At 2/12/2011 4:54 PM, Blogger Che is dead said...

... it is laughable to present soybean producers as a high-tech industry.

Really, tell that to the bio-engineers at Monsanto, the mechanical engineers at CAT, or the chemists at Dow Chemical just to name a few.

At 2/12/2011 8:39 PM, Blogger soups said...

China’s Innovative Beggar-thy-neighbor Strategy!

Insanity: doing the same thing over and over again and expecting different results. – Albert Einstein

As long as the United States continues to allow China to manipulate the U.S. Dollar and therefore manipulate our trade with ALL our trading partners:
- our balance of trade with ALL our trading partners will be worse than it would otherwise be.
- free trade agreements will work to our disadvantage and we should halt entering into new ones.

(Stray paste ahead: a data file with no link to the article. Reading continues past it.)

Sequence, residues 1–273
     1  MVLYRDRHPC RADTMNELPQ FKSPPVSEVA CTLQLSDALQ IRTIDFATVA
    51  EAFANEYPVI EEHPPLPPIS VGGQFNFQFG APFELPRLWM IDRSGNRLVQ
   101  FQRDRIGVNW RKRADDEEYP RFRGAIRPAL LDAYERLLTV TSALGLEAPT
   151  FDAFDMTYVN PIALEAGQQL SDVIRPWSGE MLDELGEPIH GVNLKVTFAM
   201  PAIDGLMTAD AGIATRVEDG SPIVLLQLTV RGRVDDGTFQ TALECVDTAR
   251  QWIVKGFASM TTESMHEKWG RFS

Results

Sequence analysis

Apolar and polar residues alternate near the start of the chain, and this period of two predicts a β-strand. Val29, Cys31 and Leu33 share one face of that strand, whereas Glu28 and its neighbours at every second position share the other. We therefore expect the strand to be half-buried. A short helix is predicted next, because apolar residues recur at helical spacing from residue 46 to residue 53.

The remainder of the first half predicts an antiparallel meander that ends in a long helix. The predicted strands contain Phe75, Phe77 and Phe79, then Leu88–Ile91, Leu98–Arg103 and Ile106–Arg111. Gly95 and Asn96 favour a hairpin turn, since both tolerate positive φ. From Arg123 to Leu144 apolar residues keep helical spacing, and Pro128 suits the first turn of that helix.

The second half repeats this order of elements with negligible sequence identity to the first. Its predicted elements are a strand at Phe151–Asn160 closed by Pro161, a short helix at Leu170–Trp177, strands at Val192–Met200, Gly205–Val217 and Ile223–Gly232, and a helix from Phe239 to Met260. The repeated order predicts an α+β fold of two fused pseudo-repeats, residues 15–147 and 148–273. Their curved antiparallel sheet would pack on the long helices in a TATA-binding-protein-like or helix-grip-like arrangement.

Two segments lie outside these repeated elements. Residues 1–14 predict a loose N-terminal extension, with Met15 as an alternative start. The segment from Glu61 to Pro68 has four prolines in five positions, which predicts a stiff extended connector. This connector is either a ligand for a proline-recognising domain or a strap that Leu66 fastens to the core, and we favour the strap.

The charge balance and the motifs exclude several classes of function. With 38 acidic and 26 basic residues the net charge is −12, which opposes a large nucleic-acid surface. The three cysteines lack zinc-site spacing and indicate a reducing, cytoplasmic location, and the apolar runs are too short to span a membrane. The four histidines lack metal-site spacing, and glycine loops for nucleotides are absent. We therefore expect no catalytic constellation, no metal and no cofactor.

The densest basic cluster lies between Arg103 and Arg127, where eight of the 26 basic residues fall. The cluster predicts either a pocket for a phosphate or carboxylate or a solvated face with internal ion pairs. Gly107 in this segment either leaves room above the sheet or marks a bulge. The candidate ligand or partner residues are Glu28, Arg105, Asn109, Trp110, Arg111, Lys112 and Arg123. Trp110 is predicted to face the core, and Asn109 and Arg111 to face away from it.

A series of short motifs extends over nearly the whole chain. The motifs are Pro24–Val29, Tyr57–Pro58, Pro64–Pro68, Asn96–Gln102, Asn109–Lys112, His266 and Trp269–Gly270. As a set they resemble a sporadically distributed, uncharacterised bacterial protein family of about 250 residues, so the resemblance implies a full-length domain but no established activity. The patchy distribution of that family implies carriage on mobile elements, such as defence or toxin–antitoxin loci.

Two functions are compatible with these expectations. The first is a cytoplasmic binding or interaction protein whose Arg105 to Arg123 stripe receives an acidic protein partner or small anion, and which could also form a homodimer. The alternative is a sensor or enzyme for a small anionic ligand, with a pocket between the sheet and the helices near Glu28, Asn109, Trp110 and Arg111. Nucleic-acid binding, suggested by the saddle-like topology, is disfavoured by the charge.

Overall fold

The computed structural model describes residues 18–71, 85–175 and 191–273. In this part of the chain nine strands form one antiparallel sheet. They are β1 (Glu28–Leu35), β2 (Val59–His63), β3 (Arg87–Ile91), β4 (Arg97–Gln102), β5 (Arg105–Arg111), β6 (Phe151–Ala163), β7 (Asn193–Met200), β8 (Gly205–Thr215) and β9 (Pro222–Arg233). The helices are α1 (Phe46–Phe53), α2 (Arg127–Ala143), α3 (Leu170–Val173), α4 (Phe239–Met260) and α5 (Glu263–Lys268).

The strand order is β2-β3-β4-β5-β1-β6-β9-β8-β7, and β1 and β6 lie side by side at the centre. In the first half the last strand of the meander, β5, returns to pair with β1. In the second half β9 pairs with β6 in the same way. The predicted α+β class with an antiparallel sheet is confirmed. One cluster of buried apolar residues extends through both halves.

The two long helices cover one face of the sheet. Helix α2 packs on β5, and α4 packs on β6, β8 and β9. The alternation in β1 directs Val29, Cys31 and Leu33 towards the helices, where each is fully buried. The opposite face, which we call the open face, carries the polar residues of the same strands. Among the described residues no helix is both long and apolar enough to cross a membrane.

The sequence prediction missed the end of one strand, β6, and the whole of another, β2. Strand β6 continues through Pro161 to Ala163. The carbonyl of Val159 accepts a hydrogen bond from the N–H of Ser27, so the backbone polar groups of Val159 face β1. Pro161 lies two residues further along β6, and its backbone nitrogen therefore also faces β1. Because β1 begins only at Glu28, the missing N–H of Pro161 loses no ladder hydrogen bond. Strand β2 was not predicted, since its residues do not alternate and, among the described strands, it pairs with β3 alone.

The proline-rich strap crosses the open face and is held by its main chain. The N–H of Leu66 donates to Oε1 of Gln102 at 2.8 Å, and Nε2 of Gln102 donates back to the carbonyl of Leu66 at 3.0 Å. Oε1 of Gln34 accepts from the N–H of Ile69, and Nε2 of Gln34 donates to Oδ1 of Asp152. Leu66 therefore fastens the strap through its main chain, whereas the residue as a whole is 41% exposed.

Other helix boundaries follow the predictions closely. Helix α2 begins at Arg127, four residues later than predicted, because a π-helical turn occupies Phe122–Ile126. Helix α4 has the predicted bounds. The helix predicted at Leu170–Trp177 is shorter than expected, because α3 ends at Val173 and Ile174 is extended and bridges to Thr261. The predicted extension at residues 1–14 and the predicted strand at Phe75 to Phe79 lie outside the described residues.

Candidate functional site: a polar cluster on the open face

China’s beggar-thy-neighbor strategy is not a competitive devaluation of its currency, which would only cheapen its exports and make exports into China more expensive, but an over-valuation of the currencies of one or more of its trading partners. This negatively affects all the trade of the pegged trading partner(s), not just trade with China. U.S. Dollar over-valuation was 8 times as damaging to the U.S. recovery as what the media refers to as “China keeping it currency undervalued”.

A link to my submission for the record for the September 15, 2010 Hearing on China’s Exchange Rate Policy, follows:

An Inflation-Neutral Balanced Trade System (BTS), inspired by Warren Buffett’s 2003 Import Certificate Plan is introduced at the top of page 4 of the Pdf.

At 2/13/2011 4:25 AM, Blogger Ron H. said...


I believe you have posted this exact comment before. Apparently none of the responses you got caused you to rethink your strange ideas.

I don't believe China has any representation on the Federal Reserve Board of Governors, so It's not clear what direct effect they can have on the value of the USD.

"- free trade agreements will work to our disadvantage and we should halt entering into new ones."